8. Read & Review Classroom Library Books – Give students time to read several books from the class or school library. After students have read a book, let them rate and critique the books with my Book Review Bookmarks. Hang the bookmarks around the library so that students can make an “informed decision” the next time they choose a book.
9. Explore apps or websites to be used during the school year – All year long, we are in a rush for students to use this technology or that one for a specific project, but students rarely get a chance to just “fiddle around” with apps and websites. However, children (and adults for that matter) often find that they learn more about how to properly use an app or website by “fiddling with it”, so take this time to let students play around with apps and websites you’ll use later in the year. Students will be excited to “play on the computer” while you know they are really building background knowledge that will be used in future assignments.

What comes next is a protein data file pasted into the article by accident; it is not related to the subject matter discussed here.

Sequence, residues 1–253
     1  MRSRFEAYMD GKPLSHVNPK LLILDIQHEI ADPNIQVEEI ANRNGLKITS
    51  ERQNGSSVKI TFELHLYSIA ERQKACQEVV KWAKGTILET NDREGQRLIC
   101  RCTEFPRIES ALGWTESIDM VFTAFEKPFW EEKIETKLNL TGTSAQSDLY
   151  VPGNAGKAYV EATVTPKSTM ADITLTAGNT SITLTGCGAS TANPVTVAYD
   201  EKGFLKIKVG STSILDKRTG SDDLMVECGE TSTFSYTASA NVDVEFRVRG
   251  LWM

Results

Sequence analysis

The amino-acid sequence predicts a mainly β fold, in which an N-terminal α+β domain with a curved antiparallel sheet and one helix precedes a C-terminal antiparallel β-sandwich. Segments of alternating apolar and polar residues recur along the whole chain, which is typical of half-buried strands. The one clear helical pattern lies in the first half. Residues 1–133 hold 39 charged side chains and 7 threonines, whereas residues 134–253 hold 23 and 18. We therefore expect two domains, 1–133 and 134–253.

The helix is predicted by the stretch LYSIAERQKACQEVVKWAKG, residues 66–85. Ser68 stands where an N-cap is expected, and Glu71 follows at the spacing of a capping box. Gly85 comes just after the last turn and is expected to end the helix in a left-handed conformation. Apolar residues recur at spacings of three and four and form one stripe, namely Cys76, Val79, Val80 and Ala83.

10. Fast fact practice – Two months off means most students have forgotten their math facts – well not forgotten, but they certainly aren’t as fast as they were in May. Use this time to let students practice their math facts with dice and card games, or laminate math fact quizzes and let them use a dry erase marker to race each other or a timer.
How do you keep the other students engaged while you complete your assessments?